I have thought of my “exit” story as boring. Boring, but different. Rather than a narrative of the Once-Happy-TBM who unwittingly came across a troublesome theological or historical issue and lamented as it gobbled a once easy faith, my story has from early on featured something amiss…but what I’ve thought to be amiss was something about me.
And so, my story was not finding some troubling history or troubling scripture. Even when younger, I looked at odd parts of history or scripture with incredulity. Instead, my story was discovering that I didn’t have to beat myself up for my doubting nature. And until I looked carefully, I had failed to realize that it was the church that had given me values that enabled me to take a step away.
How could I come to realize the church’s goodness and truth? Years ago, I began to feel the source of my faithlessness was complacency. It was complacency since I had lived a good life with good parents. Since I was one of the 13 million individuals on the face of the earth who was born with knowledge of the gospel.
So, I needed to be humbled. If only the Lord would provide reformative adversity.
I needed a trial of faith. Ether 12: 6 clarified.
I could receive no witness until after the trial of my faith…and so, it was obvious why I lacked amazing spiritual experiences: no trials of faith.
Feeling defective, I welcomed subjugation to the worst trials in life. From the experience of the worst things in life, I would either perish to weakness or become renewed through faith.
I became obsessed with such a concept…in the back of my mind, I planned to postpone university and go to some third-world country. I’d beckon the world to come at me. If I were mugged or killed…so be it. But I could hope that God would never give me a trial I could not handle.
On Easter a few years back (I don’t remember the year, but it certainly was Easter Sunday), I had a conversation with my father about this. He was in the Young Men’s Presidency, so he taught my third-hour class (for Priests, I believe)…none of the other young men were there that day (which wasn’t surprising…these guys were often truant), so it was just my father and I.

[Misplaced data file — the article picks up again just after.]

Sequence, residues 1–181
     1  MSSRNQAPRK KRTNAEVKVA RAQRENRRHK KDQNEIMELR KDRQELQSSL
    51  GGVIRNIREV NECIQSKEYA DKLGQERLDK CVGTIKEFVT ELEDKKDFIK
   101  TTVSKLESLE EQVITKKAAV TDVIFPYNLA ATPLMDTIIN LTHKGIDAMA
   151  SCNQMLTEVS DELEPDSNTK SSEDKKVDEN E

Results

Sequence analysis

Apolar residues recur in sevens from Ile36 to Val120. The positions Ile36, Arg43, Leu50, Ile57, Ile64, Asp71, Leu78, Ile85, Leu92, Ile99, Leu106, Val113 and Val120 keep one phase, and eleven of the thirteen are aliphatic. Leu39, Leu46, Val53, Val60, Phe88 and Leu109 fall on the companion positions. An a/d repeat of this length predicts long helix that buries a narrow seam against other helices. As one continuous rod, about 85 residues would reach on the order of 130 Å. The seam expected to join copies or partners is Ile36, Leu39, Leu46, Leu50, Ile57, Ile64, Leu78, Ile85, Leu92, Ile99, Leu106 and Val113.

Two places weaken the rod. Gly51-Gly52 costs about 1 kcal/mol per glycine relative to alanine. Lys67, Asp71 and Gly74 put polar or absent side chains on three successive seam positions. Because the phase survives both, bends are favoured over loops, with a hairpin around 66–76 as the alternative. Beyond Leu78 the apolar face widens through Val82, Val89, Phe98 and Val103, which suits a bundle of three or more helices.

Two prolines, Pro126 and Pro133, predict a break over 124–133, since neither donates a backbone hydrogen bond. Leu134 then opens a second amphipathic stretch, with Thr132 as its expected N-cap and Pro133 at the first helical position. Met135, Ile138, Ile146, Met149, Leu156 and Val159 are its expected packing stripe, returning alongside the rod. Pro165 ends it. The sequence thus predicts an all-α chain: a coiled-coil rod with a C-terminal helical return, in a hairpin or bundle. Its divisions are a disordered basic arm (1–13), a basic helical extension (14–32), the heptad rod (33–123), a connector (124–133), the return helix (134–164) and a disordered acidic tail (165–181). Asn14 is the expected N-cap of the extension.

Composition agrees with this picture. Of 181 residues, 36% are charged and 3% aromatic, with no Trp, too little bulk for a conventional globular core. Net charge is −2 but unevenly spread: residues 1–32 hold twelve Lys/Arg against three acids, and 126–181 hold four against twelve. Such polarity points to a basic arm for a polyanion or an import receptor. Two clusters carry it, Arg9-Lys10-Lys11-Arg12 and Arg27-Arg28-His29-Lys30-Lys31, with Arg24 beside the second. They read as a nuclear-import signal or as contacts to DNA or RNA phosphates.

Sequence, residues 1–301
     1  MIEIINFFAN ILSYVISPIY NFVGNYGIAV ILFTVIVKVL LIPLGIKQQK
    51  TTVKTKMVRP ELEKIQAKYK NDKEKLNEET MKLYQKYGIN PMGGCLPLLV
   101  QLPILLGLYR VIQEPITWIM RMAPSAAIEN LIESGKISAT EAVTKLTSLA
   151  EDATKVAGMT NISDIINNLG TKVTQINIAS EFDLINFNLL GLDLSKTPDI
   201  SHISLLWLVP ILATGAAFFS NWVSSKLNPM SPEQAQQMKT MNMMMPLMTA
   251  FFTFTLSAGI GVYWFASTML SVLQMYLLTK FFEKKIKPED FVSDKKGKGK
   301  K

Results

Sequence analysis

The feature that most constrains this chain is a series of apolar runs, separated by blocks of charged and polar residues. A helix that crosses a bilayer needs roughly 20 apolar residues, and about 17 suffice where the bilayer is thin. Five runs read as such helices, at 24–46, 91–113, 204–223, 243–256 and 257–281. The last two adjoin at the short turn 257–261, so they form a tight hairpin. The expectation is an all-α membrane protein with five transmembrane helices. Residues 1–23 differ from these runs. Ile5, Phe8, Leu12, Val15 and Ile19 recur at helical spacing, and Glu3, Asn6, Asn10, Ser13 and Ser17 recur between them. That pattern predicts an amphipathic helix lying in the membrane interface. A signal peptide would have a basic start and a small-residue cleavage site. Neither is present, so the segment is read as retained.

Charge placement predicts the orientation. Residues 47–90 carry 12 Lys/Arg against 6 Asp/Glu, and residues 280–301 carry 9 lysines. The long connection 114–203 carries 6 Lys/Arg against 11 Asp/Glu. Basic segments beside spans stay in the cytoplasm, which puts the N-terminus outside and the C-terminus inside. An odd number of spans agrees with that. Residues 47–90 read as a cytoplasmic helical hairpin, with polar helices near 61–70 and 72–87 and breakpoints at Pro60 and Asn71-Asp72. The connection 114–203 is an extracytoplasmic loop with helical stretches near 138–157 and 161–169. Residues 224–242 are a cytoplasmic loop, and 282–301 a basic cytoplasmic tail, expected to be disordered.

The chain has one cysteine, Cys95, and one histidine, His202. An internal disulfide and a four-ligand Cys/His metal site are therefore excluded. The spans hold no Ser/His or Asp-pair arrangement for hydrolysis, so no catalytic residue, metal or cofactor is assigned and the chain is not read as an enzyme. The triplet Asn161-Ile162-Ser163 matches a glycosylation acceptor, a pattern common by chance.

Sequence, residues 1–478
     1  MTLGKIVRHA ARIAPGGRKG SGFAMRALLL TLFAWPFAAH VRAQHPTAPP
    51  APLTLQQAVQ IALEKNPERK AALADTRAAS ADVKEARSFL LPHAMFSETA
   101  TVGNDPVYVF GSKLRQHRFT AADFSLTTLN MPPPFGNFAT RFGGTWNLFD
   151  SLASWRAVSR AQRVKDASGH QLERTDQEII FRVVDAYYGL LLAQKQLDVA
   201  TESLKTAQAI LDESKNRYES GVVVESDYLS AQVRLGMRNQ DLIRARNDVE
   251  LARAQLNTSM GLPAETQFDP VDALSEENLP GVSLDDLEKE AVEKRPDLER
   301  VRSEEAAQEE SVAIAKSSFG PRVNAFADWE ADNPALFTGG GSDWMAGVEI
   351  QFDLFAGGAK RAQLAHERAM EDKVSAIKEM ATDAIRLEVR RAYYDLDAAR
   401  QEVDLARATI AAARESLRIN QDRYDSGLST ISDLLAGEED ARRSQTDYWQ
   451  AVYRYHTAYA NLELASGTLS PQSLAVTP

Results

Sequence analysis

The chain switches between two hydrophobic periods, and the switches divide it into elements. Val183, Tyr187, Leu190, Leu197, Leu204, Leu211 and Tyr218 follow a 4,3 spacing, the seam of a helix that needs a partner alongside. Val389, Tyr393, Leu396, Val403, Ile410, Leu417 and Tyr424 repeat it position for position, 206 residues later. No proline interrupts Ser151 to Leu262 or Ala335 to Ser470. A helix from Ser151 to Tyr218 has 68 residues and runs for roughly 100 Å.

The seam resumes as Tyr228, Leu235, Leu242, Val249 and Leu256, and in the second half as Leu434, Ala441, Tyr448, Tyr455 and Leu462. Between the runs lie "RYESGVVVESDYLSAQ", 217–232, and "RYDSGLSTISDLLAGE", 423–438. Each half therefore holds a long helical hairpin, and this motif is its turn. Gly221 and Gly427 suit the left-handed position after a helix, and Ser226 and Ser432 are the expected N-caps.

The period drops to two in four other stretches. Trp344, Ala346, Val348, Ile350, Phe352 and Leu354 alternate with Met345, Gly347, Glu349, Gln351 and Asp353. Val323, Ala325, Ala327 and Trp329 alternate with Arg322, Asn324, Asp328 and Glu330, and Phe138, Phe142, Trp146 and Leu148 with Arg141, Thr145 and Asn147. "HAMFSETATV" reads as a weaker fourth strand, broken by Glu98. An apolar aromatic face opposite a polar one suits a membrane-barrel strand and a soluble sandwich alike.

I shared my ideas and plans with him about how I should be struck down that I may experience the worst things in life in a trial of faith.
I thought my father would be proud of my maturity…but he denounced my ideas as destructive and silly. He told me something that pacified me for a time: “If you know that evil exists…and it is obvious, then do you need to experience it to learn good exists? Good is the opposite of evil, so if evil is obvious, good is subtle.” So what if I couldn’t find reason to believe in God? God did not operate like the adversary and give reasons.
I saw some of the older guys (once as unrepentant as my quorum) repent and serve missions. When they came back home…they were reformed.
So my gears began to turn…missions were the trial of faith that I should’ve focused on! My father had denounced my plans for good cause — I had been like Naaman, still proud and desirous of a great task to complete despite desperation.
I didn’t tell my father (I wanted it to be a surprise), but I prayed…I came to the conclusion that while I was on this spiritual high, I should speak with the Bishop, insisting that when it came time, he should make me fill out the mission papers no matter what. I had to do it now before I developed doubts.
…yet…I never made the contract. I asked others — was a mission a good place to develop faith?
I thought the others would be proud of my maturity…but they denounced my ideas as destructive and selfish. And they told me, “A mission is not for the missionary. It is for someone truly converted to the Gospel who wants to place God before himself.”
I was crushed. I realized I couldn’t, in good faith, go on a mission. Sure, I could pass every technical question of worthiness better than most of my peers did, but they could just repent and become fit to serve. I could not even believe.
I went off to university and put things aside. I remembered things I had read about agency and choice, and began to see things, especially Helaman 14:30 and words from Joseph B. Wirthlin, in different contexts.
You are free to choose (see 2 Ne. 2:27) and are permitted to act (see 2 Ne. 10:23; Hel. 14:30), but you are not free to choose the consequences. With absolute certainty, choices of good and right lead to happiness and peace, while choices of sin and evil eventually lead to unhappiness, sorrow, and misery.
I wondered. If I was racking myself to unhappiness and misery over lack of testimony, what if I stopped? I could keep my lifestyle but stop worrying about belief. I could recognize I do not believe. And if things soured, I’d have my trial. But if things turned for the better, then I’d know my choice was good and right, and I’d have happiness and peace.
And with that, I had courage to leave. At first, I was simply willing to accept whatever ill consequences that came (even eternal ones), but soon I realized that not even temporal ill consequences were forthcoming.